The parties then come up with the potential solutions, which aim to respond to the different areas listed and what is important to each of the parties. The parties then need to consider one or two offers which encompass the areas, and which are based on the quantified items in an objective way. In this way, the negotiation phase begins based on the offers, where the parties need to keep the interests of the other party in mind, as the solution must be acceptable to all participants in the mediation in order to be accepted. This solution will therefore, in all likelihood, be multifaceted, and more extensive than the legal solution that the judge would be able to find, as, let’s not forget, the parties can go outside the legal framework (such as the contract, general terms and conditions of sale, the law).

What advantages does mediation bring?

The flexibility of the process allows parties to meet very quickly around a table after having appointed the mediator (or after having a mediator appointed by a judge in the case of disagreement). Meetings take place at the times agreed by the participants and the mediator and usually in the mediator’s offices, or on “neutral ground.”

The language of the procedure is not restricted, whereas legal proceedings in Brussels must be conducted in French or Dutch. The parties can appoint a mediator with knowledge of the language or languages of the parties.

The process is essentially verbal and relies on few documents, as the mediator prefers to base proceedings on the narratives of the parties and possibly the lawyers and not on conclusions or written notes. Mediation can therefore be initiated without calling upon a lawyer provided that the balance between the parties is respected (a situation where one party does not have a lawyer while the other party is assisted by counsel is generally not advised by the mediator).

It is also important to know that the process is confidential, which means that whatever is said or negotiated in mediation cannot be used or repeated before the judge. This ensures that the parties can play all their cards on the table without being penalised if no solution is found. Each party can meet the mediator one-to-one, for example to explain the reasons behind their position, disclose information that they do not wish the other party to know…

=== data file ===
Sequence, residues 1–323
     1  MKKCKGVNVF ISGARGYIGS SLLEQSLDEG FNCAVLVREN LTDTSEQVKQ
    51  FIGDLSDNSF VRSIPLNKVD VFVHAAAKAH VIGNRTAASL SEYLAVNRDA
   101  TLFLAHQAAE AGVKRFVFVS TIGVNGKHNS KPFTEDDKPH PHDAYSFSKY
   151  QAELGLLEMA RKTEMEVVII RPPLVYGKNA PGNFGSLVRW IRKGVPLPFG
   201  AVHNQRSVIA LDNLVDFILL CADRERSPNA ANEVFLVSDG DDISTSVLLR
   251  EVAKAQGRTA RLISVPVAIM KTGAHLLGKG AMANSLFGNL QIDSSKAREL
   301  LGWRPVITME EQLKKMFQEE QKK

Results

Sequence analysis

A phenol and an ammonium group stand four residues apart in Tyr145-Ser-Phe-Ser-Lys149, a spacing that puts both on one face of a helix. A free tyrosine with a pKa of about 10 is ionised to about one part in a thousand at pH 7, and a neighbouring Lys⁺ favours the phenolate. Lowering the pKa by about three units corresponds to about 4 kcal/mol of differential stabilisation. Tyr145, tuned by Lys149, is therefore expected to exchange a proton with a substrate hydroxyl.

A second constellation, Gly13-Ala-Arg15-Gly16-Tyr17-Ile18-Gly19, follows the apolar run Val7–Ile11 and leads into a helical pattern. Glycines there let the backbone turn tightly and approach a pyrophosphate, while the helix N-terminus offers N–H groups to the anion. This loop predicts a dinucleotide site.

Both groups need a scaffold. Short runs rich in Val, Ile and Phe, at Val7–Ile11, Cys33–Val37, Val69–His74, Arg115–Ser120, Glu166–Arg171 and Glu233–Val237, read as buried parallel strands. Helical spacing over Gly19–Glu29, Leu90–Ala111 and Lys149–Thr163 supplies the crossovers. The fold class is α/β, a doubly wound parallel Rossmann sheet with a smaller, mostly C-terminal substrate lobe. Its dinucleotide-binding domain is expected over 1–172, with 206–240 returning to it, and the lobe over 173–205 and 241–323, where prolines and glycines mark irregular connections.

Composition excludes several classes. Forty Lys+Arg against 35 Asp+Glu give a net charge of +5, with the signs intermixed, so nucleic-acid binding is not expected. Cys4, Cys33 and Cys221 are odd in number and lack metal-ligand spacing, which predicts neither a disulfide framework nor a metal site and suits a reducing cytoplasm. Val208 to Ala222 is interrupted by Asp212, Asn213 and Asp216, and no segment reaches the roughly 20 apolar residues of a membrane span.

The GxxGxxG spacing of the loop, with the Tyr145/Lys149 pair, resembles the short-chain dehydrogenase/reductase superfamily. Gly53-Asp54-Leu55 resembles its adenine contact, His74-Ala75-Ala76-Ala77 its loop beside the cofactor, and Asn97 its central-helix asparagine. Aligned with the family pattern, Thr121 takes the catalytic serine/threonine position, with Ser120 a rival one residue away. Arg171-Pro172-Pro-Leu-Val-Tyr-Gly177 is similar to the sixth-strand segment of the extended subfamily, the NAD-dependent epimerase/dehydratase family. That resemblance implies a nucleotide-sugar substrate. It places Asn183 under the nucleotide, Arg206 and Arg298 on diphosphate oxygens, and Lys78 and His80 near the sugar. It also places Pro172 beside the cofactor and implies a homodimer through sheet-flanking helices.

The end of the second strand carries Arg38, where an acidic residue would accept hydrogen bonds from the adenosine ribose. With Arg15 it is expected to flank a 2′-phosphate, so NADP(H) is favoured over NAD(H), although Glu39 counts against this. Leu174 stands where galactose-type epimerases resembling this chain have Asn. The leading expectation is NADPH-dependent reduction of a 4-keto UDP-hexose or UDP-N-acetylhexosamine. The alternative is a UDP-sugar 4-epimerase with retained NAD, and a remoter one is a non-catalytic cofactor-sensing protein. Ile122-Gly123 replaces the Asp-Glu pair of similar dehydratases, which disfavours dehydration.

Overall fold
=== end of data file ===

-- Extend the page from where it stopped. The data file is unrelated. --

When an agreement is reached, it is documented by the lawyers or the mediator. Generally, it is executed voluntarily as it has received the approval of both parties involved. However, it may be recognised by the court to make it an enforceable order. As this is an agreement, no appeal on this decision is possible, which limits the time of proceedings.

The success rate for mediation is in the region of 75-80%, sometimes higher, but only those who have accepted mediation can hope to benefit from such a satisfactory agreement!

Where do you find an experienced mediator?

In order to use the title “certified mediator”, it is necessary to follow a training programme, the content of which is established by law and it is also necessary to be recognised by the Federal Mediation Commission of the Belgian Ministry of Justice which holds the list of certified mediators. This stands as a guarantee of the mediator’s professionalism. As this is a service where human relationships are extremely important, it is often reassuring to be able to select someone who has been recommended to you or to be able to look at their website and their professional background. The mediator will generally specialise in civil, commercial or social matters, or family matters. Consequently, you will be able to select the right person according to the nature of your dispute and your affinities.

The mediator is selected by mutual agreement between both parties or by a judge if proceedings between the parties are already under way. Some mediation centres: notably Bmediation, Trialogues, CEPANI also assist parties and appoint a mediator from their default panel for parties unable to agree on a name.

This article was written in collaboration with Ms Françoise LEWALLE, certified mediator in civil, commercial and social matters.

The Expat Welcome Desk is hosting a mediation workshop on 26 March. If you’re interested in attending, please write to

The Expat Welcome Desk is a free service that advises internationals on the practicalities of daily life in the Belgian capital, from accommodation and residence permits to employment rights and taxation, among a number of topics.

Written by The Expat Welcome Desk in collaboration with The Bulletin